by Sabrina
(Fort Worth)

I would like for my son to have an IEP developed, but he doesn't show academic need. Is SPD covered anywhere else?

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Aug 29, 2008
Thanks Craig!
by: Jessi

My son is 4 and not in school yet, however we've gone through testing to get him qualified for speech therapy through the school system. I've also been frustrated, because they almost didn't qualify him because his problems weren't considered 'academic'. Give me a break! When every sound, sight or smell distracts you from what you're doing, how could that NOT affect your ability to learn! He did manage to qualify for speech - the reason they hesitated is because by the time they got us in for testing, I'd had him in private speech therapy for 2-3 months and he'd improved. Those people made me shake they were so irritating! It was like talking to a wall telling them the only reason they could understand ANYTHING he was saying (at 3 1/2) was because he'd gotten THERAPY, which was why I was there in the first place!!!

I've assumed that I would run into the same thing when I raise my concerns when he goes into Kindergarten (I'm actually considering holding him back a year if he doesn't seem ready yet). Thanks for the great info on how to get some help.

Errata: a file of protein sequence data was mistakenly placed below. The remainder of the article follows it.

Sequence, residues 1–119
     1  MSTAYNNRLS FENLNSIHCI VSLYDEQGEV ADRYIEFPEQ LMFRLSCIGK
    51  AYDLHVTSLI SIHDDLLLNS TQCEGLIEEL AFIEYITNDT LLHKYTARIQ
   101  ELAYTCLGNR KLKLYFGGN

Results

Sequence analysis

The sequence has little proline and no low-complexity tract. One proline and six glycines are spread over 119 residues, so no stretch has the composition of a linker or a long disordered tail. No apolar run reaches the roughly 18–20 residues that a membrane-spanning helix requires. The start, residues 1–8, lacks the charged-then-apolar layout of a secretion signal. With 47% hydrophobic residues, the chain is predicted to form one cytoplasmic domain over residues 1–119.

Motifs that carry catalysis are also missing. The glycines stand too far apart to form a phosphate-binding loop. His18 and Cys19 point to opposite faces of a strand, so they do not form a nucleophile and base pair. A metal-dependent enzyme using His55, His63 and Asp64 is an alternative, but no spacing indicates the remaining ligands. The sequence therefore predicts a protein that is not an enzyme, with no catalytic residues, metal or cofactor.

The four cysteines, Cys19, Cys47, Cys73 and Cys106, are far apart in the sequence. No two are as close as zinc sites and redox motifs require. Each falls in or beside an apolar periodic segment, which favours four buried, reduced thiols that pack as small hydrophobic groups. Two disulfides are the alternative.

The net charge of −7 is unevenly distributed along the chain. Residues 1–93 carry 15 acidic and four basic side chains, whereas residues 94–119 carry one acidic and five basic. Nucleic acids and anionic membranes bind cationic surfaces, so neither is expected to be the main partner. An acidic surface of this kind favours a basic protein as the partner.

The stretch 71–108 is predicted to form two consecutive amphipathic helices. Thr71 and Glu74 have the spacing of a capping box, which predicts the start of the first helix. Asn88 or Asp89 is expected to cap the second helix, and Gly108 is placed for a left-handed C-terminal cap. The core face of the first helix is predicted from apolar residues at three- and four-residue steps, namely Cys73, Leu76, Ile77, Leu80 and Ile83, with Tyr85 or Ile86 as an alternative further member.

Aug 28, 2008
Look Into a 504 Plan
by: Craig

Hi Sabrina,

You may want to see if they can do a 504 Accommodation Plan for your son. While not the same level as an IEP, a carefully crafted 504 Plan can assist your son by allowing for certain class-room accommodations that will help him fully participate in school. It can be a daunting task to get the school to meet you half-way, especially if they are not familiar with SPD. So, I suggest that you are well-prepared in understanding the areas of concern that you have for your child and relating them to the school.

For example, my daughter has difficulty connecting with her classmates. One of the accommodations that is being offered involves her participation in friendship groups that are guided by the school counselor. Another area that she has problems with involves being easily distracted during test-taking. An accommodation has been setup for her to provide a privacy area to use when taking tests.

She also has problems with bladder control and frequent urinary tract infections, so the school has provided an accommodation in allowing her bathroom breaks as needed. It's taken quite a bit of effort in getting a good plan in place that the school agrees with, but the effort has paid off and my daughter is doing much better in school as a result. Best wishes to you and your son! Craig

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